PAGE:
C. W. Bill Young Regional Reservoir facts for kids
Quick facts for kidsC.W. Bill Young Regional Reservoir
|Location||Hillsborough County, Florida|
|Basin countries||United States|
|Surface area||1,100 acres (4.5 km²)|
|Water volume||15.5 billion US gallons (59,000,000 m3)|
The C.W. Bill Young Regional Reservoir is a 15.5 billion US gallons (59,000,000 m3) reservoir which collects water from the Alafia and Hillsborough Rivers in central Florida. It is named for C.W. Bill Young, the U.S. Congressman from Florida's 10th congressional district. Tampa Bay Water, the regional water authority for Hillsborough, Pinellas and Pasco counties, worked for nearly a decade in constructing the reservoir, which was completed in June 2005, and officially opened on 15 October 2005.
The 1,100-acre (4.5 km2) reservoir is impounded by an earthen embankment that cost $146 million to build, of which $57 million came from Federal funds. It can store 15.5 billion US gallons (59,000,000 m3) of water, enough to provide about one quarter of its service area's drinking water for six months. This eases demand on well water from the Floridan Aquifer. The surrounding 5,200-acre (21 km2) tract of land in Hillsborough County is designated as a wildlife preserve to maintain habitat. In 2007, drought had reduced the amount of water stored in the reservoir to less than half its capacity. This necessitated considering pumping water from the Alafia into the reservoir during the rainy season for use during the dry season.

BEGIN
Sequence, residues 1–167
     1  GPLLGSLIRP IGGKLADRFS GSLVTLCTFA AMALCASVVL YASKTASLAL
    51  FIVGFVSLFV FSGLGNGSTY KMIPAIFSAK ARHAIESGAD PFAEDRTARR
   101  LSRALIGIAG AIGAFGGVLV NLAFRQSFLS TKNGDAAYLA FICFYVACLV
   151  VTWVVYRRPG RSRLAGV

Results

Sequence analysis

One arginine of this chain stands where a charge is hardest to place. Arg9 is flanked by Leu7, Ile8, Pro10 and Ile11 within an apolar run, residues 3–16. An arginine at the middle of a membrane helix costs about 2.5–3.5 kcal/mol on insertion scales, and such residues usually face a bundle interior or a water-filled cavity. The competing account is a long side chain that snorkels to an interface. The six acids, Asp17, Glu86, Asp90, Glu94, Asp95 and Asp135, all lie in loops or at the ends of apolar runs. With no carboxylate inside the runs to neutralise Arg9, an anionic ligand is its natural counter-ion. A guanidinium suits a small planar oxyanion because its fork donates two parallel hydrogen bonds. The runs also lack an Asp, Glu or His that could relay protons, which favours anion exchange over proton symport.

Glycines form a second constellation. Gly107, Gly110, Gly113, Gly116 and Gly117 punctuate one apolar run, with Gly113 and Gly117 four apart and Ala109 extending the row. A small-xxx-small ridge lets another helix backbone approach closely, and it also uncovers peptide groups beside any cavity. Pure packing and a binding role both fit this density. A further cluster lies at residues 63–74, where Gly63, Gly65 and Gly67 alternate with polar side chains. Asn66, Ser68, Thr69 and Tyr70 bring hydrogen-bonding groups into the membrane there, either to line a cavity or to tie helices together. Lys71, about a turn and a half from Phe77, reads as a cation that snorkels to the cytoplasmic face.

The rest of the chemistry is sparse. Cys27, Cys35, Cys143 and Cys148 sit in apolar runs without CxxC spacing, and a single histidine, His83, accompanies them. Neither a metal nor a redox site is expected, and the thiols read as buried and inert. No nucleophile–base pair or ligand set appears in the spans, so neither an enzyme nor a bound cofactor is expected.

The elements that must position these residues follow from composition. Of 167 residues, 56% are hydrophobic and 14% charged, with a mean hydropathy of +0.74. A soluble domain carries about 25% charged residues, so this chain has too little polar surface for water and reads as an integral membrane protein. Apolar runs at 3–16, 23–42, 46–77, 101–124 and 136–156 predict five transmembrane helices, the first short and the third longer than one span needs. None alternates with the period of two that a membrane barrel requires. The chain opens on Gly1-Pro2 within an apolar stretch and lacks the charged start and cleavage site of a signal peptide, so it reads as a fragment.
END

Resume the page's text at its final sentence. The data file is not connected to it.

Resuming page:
In 2006, Tampa Bay Water discovered cracking along nearly 40% of the reservoir's interior lining. A third-party engineering firm was hired to investigate the cause and reported that the cracking was the result of water being trapped in the earthen embankment. The resulting repairs were estimated at $121 million. Tampa Bay Water sought damages from the embankment's construction and engineering companies. A $30 million settlement offer from the embankment's engineer-of-record, HDR, Inc., was rejected by Tampa Bay Water and the case proceeded to court. In April 2012, a federal jury ruled that the design firm was not liable for the damages. In a November 2012 ruling in which he called the legal battle "no ordinary engineering malpractice case," U.S. Judge James D. Whittemore determined the utility owed HDR more than $20 million in legal fees as a result of April 2012's jury verdict. The court document cited TBW's own legal expenses at more than $11.6 million. A federal appeals court in Atlanta issued a 33-page ruling on September 23, 2013 rejecting the utility's arguments that the trial judge had committed a series of errors that should be overturned. As a result, the cost of the multi-million-dollar repair work will likely fall on the shoulders of the 2 million ratepayers in Pinellas, Pasco and Hillsborough counties.
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